Theatre Broadcast last night and currently on the iPlayer for at least a month, The Culture Show and Arts Review replacement Artsnight investigated some renaissance writers who aren't Shakespeare.
Whilst the previous four editions have been a bit of a mishmash, editor and presenter Andrew Marr both defenestrates and adheres to the format (interviews mixed with reports) turning it into what amounts to a mini-presenter led piece about John Ford, Marlowe and Webster with an emphasis on contemporary politics and the position of women in their plays.
Local interest comes from, as you can see from the above illustrative photograph, an appearance by Catrin Stewart, Jenny Paternoster from Doctor Who who is starring in Ford's Love's Sacrifice at the RSC (though note that there's a whopping great spoiler, and yes I do still think that's a thing even with a four hundred year old play if it's relatively obscure).
In an ideal world, in other words any time before the last license fee settlement, the BBC would have commissioned a six or ten part series looking at a bunch of these writers as well as a whole season of new production and repeats.
But then we're still waiting for a proper history of the theatre aren't we?
Snack. £1.00. Poundbakery, 47 Lord Street, Liverpool, Merseyside, L2 6PB. T:0151 227 3669. Website.
Music Passing through Urban Outfitters today in a moment of midlife crisis / 90s nostalgia for alt.culture, I stumbled up on the vinyl wall and was astonished to see Taylor Swift's 1989 is indeed available on black shiny disc.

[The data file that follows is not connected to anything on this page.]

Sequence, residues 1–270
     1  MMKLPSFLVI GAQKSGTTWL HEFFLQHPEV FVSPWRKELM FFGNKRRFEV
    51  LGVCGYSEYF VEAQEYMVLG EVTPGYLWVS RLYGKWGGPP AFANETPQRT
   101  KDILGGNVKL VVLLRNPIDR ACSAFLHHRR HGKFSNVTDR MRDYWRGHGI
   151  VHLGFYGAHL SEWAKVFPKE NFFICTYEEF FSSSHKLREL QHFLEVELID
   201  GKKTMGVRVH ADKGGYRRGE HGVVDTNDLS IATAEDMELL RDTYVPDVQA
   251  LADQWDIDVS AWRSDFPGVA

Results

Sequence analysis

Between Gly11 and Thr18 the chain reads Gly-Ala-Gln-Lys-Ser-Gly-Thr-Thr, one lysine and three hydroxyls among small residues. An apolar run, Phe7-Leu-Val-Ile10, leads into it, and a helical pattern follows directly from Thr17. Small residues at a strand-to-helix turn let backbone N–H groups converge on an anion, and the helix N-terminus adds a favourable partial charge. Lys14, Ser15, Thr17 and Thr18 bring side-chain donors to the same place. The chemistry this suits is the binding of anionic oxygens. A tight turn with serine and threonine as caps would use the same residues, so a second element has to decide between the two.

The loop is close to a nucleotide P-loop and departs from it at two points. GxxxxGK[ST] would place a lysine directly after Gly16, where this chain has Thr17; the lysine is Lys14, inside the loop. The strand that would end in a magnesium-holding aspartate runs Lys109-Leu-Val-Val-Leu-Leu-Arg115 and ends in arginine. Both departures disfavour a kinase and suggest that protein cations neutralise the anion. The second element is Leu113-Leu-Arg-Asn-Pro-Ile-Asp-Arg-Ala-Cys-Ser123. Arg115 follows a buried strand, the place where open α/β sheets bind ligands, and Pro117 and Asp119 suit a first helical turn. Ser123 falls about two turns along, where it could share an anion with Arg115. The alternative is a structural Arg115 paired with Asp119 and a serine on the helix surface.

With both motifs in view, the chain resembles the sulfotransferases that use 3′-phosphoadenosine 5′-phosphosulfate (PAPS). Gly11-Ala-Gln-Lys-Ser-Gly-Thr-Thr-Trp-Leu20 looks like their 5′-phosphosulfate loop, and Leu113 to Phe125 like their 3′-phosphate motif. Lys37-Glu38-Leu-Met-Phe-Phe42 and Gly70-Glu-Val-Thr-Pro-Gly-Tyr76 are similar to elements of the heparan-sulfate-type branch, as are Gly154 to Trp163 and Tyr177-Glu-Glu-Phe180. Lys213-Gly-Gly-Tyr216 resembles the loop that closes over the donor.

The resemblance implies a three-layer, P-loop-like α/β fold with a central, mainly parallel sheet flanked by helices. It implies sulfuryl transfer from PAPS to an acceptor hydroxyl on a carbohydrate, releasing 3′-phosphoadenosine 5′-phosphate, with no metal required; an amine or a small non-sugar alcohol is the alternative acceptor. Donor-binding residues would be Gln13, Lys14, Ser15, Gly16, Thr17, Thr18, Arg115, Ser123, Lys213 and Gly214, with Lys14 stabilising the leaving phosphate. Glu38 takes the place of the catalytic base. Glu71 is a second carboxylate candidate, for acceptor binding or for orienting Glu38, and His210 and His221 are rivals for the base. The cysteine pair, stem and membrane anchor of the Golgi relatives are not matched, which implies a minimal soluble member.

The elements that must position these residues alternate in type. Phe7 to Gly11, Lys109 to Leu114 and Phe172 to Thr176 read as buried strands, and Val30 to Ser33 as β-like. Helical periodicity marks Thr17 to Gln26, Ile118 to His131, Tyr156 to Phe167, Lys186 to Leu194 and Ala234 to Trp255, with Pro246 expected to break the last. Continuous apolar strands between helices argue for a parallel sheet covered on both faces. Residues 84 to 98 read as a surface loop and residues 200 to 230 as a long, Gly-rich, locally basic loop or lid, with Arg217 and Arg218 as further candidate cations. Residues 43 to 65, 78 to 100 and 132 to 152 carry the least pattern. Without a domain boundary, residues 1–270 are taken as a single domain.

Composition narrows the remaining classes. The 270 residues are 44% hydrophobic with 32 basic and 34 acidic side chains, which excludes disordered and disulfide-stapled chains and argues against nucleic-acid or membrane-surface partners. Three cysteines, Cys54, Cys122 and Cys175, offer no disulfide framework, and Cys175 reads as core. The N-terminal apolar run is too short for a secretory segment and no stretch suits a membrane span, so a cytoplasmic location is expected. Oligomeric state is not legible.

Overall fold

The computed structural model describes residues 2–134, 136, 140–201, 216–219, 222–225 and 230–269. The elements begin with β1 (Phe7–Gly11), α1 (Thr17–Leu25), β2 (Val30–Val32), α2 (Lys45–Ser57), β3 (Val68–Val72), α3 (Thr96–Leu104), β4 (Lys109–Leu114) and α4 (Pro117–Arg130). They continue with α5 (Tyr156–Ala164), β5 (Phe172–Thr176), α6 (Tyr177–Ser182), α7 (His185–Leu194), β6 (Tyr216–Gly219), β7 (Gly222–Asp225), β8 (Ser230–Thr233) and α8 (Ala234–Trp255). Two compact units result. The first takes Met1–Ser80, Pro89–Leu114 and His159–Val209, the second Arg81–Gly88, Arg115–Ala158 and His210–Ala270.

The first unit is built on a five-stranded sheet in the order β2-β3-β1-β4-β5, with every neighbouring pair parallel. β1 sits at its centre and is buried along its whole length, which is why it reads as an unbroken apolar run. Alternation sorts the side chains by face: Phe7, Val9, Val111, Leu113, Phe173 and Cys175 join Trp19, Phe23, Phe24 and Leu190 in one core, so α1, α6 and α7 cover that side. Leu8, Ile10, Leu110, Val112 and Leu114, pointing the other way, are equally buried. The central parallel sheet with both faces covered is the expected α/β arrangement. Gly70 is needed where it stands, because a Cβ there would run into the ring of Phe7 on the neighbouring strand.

While you're all laughing at me for my obliviousness to the idea that vinyl's now back in fashion enough that this item is apparently worth manufacturing, I wondered how one might recreate the experience of listening to vinyl, at least the ritual of it if not the earthy sound, without a record player (especially since, for various reasons, I don't have access to mine right now).
The above video features someone carefully unpacking their vinyl copy of the best pop album of last year, which with some pausing, offers the following extremely useful information of the track to side or side to track breakdown:
1 Welcome To New York
2 Blank Space
4 Out of the Woods
5 All You Had to Do Was Stay
6 Shake It Off
7 I Wish You Would
8 Bad Blood
9 Wildest Dreams
10 How You Get The Girl
11 This Love
12 I Know Places
Notice that it doesn't have the bonus tracks (all of which are as good as the rest of the CD) from the special edition. It's 1989 in its purest form (for better or worse).
Next choose your music listening device of choice. Being entirely pig headed I have the mp3s in the local folder on Spotify. Next, create four new playlists and call them:
Then add in the tracks for each side as per the above breakdown and we're done.